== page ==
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Tough Challenges Loom for Storage Professionals

Senior-level technology managers who run data centers for the world's largest companies continue to face challenges in 2009 as the economy slides downhill -- they are expected to cut costs while providing better performance and improving server and storage utilization rates. Those were the key takeaways from a survey of high-level tech managers at 1,600 companies with 5,000 or more employees in 21 countries in a State of the Data Center report issued by Symantec Corp. (Nasdaq: SYMC).

The survey was conducted in October and November, just as the weak economy was causing a reduction in technology spending plans at many companies. This year, Symantec decided to survey managers, directors, and senior-level executives, a different group of respondents than last year, so the results are not directly comparable. The median company reported having 500 people working in IT, some 30 to 49 data centers, and about one fifth of its IT staff dedicated to data center tasks.

"The results reflect what we are seeing in the market," said Sean Derrington, director of storage management and high availability at Symantec. "IT managers are being asked to cut costs and provide more services. They are having trouble finding and retaining staff. Server and storage utilization rates are declining. Disaster recovery plans continue to need work. And companies are looking at green initiatives as a way to reduce costs as well as improve the environment."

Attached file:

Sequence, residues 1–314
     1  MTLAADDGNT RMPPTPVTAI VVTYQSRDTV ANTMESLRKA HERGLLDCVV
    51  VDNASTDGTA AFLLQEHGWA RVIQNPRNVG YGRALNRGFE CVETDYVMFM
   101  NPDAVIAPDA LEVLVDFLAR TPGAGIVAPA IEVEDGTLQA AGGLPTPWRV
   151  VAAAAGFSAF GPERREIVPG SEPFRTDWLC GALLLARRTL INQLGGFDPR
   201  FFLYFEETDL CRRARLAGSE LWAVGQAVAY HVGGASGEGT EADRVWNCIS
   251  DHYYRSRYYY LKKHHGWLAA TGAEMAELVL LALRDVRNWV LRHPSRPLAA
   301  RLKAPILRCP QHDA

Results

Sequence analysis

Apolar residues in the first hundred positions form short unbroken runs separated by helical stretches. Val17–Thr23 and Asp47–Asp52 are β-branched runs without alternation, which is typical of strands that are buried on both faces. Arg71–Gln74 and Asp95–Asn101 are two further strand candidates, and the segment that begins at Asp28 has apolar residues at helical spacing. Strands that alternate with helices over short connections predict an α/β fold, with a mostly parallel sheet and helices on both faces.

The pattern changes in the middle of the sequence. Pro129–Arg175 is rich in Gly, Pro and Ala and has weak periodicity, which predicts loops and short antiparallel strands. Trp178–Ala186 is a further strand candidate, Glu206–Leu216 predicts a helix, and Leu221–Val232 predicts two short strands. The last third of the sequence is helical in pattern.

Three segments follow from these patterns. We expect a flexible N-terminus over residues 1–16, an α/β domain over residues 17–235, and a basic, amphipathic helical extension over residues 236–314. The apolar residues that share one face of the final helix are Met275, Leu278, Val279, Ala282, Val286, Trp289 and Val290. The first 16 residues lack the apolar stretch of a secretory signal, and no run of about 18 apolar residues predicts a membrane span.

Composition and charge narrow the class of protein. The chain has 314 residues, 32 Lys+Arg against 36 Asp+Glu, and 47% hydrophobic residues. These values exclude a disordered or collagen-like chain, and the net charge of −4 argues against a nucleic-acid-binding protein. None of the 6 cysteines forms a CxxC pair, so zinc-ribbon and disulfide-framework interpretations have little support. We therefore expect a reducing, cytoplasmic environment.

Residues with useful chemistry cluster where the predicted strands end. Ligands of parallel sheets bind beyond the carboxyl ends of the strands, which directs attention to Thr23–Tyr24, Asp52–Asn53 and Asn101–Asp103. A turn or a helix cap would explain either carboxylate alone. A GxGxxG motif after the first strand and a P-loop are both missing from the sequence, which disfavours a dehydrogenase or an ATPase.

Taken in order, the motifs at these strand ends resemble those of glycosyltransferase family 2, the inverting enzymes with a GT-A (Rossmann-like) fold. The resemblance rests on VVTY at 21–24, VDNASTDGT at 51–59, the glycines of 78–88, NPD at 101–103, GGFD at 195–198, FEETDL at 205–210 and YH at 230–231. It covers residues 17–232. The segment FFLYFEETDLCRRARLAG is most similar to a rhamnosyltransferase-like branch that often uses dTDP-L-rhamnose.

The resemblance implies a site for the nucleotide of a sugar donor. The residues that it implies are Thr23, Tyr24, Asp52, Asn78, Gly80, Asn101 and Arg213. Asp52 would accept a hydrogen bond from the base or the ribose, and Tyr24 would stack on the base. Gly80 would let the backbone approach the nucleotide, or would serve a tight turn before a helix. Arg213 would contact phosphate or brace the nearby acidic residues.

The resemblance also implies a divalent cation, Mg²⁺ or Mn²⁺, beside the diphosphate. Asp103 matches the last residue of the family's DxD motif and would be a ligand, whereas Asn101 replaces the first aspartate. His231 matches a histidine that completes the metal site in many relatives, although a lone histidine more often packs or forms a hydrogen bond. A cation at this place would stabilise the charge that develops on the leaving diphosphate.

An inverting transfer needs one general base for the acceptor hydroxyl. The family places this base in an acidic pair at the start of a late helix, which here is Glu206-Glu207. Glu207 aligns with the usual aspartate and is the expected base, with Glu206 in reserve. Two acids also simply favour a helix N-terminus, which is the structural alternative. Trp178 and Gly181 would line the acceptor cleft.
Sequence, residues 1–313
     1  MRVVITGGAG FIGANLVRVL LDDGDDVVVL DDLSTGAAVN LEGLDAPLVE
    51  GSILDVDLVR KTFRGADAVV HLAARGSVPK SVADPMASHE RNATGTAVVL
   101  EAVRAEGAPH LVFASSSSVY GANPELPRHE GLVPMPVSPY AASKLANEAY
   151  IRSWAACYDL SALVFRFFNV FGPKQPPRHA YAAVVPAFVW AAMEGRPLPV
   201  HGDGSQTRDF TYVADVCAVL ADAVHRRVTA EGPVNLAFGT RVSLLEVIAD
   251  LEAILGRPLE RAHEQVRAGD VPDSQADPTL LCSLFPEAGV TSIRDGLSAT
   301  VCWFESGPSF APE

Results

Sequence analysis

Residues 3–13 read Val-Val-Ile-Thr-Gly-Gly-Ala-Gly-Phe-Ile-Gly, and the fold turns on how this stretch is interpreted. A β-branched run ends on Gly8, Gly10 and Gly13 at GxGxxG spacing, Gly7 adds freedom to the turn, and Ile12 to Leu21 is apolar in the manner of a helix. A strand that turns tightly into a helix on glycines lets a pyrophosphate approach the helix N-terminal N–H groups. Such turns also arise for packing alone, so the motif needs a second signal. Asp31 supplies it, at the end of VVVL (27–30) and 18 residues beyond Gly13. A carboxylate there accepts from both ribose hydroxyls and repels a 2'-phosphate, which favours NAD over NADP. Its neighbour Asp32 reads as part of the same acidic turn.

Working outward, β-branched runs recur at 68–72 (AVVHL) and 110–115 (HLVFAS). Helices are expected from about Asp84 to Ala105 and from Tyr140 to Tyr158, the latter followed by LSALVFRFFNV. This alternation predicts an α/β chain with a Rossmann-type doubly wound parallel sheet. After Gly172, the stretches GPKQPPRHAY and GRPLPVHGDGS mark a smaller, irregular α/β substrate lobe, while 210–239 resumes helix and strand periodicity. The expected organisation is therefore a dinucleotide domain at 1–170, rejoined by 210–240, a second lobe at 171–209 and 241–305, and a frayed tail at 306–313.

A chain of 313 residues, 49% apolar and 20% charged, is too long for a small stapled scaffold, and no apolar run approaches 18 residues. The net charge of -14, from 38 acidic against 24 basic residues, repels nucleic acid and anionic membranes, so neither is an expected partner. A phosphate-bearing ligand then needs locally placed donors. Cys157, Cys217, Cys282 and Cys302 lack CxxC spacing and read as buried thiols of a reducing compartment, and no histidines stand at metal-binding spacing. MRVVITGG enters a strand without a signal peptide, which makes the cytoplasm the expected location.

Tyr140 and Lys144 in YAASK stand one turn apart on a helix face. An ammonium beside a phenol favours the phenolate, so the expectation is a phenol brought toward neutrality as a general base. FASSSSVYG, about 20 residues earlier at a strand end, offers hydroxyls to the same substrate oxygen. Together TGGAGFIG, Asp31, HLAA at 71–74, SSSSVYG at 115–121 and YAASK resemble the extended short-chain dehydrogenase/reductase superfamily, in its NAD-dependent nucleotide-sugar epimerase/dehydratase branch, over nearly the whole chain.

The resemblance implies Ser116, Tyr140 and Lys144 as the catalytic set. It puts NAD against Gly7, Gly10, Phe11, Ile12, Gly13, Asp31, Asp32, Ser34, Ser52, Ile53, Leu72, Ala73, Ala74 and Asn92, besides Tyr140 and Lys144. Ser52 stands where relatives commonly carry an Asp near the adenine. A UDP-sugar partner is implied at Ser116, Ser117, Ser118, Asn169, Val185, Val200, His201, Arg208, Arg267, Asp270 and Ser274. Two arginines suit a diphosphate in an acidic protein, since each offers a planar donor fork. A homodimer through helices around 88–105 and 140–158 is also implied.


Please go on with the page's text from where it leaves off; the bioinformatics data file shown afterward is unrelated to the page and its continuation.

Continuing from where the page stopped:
The average utilization rate for storage systems was reported to be 50 percent, down from 60 percent in the 2007 survey. That is causing companies to look at storage virtualization (76 percent), continuous data protection (72 percent), storage resource management (71 percent), replication (71 percent), data de-duplication (70 percent), and storage as a service (64). The main applications driving storage growth were business intelligence, Web applications, and enterprise applications.

"The median capacity was 200 TB of raw storage. When you look at 100 TB not being used, companies are throwing away 50 cents of every dollar they spend on storage. That's why they are looking at SRM to recover some of that unused storage and to make sure they fully utilize any new storage they buy," Derrington said.

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